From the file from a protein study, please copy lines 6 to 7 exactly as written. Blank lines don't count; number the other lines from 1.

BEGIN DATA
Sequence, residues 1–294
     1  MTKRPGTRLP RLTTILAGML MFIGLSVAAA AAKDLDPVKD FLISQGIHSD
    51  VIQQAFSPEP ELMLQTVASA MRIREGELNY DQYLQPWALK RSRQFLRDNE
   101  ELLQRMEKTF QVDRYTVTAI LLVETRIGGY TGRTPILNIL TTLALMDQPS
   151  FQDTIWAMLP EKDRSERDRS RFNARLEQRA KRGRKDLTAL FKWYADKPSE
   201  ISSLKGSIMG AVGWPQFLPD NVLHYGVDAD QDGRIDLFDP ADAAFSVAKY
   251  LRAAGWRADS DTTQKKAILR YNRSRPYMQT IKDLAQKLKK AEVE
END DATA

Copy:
   201  ISSLKGSIMG AVGWPQFLPD NVLHYGVDAD QDGRIDLFDP ADAAFSVAKY
   251  LRAAGWRADS DTTQKKAILR YNRSRPYMQT IKDLAQKLKK AEVE